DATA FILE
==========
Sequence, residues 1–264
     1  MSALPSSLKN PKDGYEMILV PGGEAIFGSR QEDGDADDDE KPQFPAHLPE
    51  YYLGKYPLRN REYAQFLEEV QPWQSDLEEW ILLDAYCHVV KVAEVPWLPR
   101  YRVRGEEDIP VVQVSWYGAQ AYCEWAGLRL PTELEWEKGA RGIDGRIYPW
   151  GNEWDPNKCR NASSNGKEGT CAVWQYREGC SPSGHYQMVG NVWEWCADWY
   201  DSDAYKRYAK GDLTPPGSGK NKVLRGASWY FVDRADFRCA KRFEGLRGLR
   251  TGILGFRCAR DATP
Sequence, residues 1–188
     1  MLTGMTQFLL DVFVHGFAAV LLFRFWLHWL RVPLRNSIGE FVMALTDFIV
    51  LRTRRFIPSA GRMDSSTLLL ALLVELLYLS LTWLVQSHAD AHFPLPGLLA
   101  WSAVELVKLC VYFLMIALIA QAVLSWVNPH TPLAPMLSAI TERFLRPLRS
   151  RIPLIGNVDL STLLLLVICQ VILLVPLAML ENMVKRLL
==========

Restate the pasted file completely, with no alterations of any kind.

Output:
Sequence, residues 1–264
     1  MSALPSSLKN PKDGYEMILV PGGEAIFGSR QEDGDADDDE KPQFPAHLPE
    51  YYLGKYPLRN REYAQFLEEV QPWQSDLEEW ILLDAYCHVV KVAEVPWLPR
   101  YRVRGEEDIP VVQVSWYGAQ AYCEWAGLRL PTELEWEKGA RGIDGRIYPW
   151  GNEWDPNKCR NASSNGKEGT CAVWQYREGC SPSGHYQMVG NVWEWCADWY
   201  DSDAYKRYAK GDLTPPGSGK NKVLRGASWY FVDRADFRCA KRFEGLRGLR
   251  TGILGFRCAR DATP
Sequence, residues 1–188
     1  MLTGMTQFLL DVFVHGFAAV LLFRFWLHWL RVPLRNSIGE FVMALTDFIV
    51  LRTRRFIPSA GRMDSSTLLL ALLVELLYLS LTWLVQSHAD AHFPLPGLLA
   101  WSAVELVKLC VYFLMIALIA QAVLSWVNPH TPLAPMLSAI TERFLRPLRS
   151  RIPLIGNVDL STLLLLVICQ VILLVPLAML ENMVKRLL